The Duchess of Sussex was racially, emotionally and financially abused when she lived in the UK. Prince Harry was trying to help her and protect her, but his family and the British media were actively trying to harm her and/or drive her out of the country. They did nothing – worst than nothing – when they knew she was suicidal. Meghan only began to talk publicly about her suicidal ideation in March 2021, in the Oprah interview. She also touched on it in the Netflix docuseries, although one of my biggest takeaways from the series was that Meghan perfectly understood the extreme danger and threat to her life overall. No one with any heart, compassion or background in psychology would send the message to Meghan that she’s somehow wrong to… speak about what happened to her, what she was going through and how she considered taking her own life. Enter Marjorie Wallace, the founder of a “mental health charity” in the UK.
Charity founder and investigative journalist Marjorie Wallace has revealed she doesn’t like ‘victimhood’ when asked about Meghan Markle saying she had suicidal thoughts. The 80-year-old, who founded mental health charity SANE in 1986, said while she doesn’t like to ‘condemn’ anyone, she doesn’t ‘respect people who take victimhood on as a career’.
Ms Wallace, who made her name with her reporting on the thalidomide scandal, remarked that people have to ‘find ways of living with whatever disability or disadvantage you have’. A close confident of the Earl of Snowden for more than 40 years, the veteran journalist said everyone ‘whether they’re privileged or they’re poor’ has troubles in their lives.
She made the remarks on Rachel Johnson’s Difficult Women podcast. The topic of conversation turned to Meghan Markle and her decision to discuss in her Netflix documentary with Prince Harry that she developed suicidal thoughts as a working member of the Royal Family.
When asked by Johnson about whether she thought it was wise to reveal this, Ms Wallace said: ‘I don’t like to condemn anyone. I’ll tell you what I don’t really like, and this is nothing to do with the Netflix series, is that I don’t like victimhood and I’ve never played it myself in my life. Yes you can have terrible times, and I’ve had terrible terrible times with my children, with my life, with my divorce – all kinds of terrible things. But I don’t really think playing the victim card helps, whatever you’re a victim of, and I don’t really respect people who take victimhood on as a career. That’s not my stoic philosophy, I think you’ve got to find ways of living with whatever disability or disadvantage you have. Everyone has it whether they’re privileged or they’re poor.’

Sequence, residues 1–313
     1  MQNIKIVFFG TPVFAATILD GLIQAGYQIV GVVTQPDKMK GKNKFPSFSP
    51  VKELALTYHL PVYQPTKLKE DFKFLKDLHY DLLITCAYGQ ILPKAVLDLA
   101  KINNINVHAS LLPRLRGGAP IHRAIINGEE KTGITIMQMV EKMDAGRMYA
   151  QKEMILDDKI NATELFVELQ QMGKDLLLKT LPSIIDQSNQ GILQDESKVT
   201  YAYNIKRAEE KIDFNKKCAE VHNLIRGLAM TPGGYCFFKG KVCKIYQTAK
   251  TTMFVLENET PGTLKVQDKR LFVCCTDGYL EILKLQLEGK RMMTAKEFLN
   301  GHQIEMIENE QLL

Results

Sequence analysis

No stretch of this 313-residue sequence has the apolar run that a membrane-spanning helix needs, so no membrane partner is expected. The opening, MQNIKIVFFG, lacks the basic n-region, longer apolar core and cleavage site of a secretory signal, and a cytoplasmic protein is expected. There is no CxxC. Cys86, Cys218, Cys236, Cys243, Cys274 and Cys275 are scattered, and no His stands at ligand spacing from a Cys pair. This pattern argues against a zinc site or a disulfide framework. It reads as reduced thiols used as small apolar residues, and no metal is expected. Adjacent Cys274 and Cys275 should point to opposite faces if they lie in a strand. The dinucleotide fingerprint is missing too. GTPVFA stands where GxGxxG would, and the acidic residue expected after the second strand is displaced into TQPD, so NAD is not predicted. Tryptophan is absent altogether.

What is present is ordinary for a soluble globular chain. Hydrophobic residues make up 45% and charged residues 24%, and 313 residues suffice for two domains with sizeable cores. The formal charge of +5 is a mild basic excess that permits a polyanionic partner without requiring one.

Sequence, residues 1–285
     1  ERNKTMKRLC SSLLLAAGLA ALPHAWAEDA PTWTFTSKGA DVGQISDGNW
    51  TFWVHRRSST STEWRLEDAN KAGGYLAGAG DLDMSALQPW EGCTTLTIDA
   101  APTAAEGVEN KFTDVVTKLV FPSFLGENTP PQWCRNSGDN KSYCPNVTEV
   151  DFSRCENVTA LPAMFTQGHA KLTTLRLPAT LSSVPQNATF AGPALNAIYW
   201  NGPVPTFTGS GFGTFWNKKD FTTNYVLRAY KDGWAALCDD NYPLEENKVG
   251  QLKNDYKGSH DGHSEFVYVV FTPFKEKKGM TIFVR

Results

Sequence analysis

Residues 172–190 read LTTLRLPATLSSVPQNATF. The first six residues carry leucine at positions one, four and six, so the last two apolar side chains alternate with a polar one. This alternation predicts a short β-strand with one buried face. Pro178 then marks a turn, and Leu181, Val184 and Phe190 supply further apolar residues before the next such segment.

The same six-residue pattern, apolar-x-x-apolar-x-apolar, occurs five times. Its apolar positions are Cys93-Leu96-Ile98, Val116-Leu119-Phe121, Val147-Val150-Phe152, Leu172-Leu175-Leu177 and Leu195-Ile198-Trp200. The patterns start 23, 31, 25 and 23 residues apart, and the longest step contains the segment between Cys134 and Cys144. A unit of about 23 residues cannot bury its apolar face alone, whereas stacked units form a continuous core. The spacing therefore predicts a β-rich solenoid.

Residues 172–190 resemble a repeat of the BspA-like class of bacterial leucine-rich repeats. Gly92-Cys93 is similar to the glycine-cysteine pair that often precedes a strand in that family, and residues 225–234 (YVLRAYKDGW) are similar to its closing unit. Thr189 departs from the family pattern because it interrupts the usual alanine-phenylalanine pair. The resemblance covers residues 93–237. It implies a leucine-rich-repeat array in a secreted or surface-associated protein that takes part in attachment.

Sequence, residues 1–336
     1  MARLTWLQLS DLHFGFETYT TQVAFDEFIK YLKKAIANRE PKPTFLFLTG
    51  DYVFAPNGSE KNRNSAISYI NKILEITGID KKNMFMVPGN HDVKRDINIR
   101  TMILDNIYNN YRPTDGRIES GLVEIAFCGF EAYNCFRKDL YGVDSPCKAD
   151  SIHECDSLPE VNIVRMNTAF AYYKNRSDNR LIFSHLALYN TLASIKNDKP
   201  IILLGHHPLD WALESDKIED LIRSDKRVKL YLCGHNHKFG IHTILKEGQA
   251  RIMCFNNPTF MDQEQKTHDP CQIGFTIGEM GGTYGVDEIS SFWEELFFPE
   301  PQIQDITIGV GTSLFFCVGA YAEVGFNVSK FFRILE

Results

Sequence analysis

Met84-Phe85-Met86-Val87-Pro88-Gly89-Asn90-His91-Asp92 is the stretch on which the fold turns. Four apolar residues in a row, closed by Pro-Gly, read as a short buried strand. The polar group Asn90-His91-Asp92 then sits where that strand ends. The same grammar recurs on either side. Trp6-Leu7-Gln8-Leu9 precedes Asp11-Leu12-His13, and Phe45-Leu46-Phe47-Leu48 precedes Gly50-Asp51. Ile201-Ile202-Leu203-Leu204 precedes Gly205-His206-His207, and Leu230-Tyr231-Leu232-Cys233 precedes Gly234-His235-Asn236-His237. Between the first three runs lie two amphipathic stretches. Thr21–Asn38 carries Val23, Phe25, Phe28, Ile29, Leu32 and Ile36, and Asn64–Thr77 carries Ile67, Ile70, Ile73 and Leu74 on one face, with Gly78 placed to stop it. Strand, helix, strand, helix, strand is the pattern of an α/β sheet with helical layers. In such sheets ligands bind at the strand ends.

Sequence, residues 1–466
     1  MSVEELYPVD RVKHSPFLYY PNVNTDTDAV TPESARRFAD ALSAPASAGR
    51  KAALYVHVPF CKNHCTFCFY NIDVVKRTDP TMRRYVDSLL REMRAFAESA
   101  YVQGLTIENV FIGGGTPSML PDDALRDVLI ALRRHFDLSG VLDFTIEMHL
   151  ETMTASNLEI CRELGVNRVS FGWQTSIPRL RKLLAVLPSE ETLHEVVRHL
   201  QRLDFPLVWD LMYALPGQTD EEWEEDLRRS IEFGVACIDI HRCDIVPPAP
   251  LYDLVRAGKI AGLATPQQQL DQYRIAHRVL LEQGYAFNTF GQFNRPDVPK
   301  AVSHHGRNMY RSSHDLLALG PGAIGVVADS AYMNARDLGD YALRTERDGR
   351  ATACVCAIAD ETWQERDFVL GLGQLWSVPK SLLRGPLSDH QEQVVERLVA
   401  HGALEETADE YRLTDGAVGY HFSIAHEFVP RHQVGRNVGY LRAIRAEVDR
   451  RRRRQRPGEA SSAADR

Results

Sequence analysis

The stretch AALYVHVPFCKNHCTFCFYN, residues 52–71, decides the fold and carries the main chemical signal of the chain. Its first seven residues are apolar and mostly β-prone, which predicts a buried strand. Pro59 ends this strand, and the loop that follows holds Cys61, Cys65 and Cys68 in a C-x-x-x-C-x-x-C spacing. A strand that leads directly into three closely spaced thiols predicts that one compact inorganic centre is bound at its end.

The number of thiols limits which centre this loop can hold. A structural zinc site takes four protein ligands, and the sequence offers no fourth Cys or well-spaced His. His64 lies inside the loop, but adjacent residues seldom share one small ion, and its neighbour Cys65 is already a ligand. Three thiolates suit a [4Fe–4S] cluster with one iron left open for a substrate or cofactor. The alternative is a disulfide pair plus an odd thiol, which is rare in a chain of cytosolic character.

Meghan: I was being abused by my husband’s family and by the national media and I contemplated suicide. I went to many people behind-the-scenes and asked for help, I wanted to check into a facility for in-patient treatment, that’s how bad it was, and they wouldn’t help me.
Lady Marjorie Hootentooter: How dare you speak about this, don’t you know you’re supposed to bottle up your emotions and trauma and never speak about them, that’s what I teach everyone at my mental health charity!!
I mean… you truly cannot make this sh-t up. This horrid woman has close ties to King Charles and Queen Camilla too. So not only do we have Camilla’s “allies” saying that Harry has (in essence) had too much therapy, we also have the founder of a mental health charity – and a close friend of the Windsors – speaking publicly about how a Black woman should have just sucked it up and been stoic when she was being harassed, smeared and threatened on an hourly basis for years.
Photos courtesy of Avalon Red, Cover Images.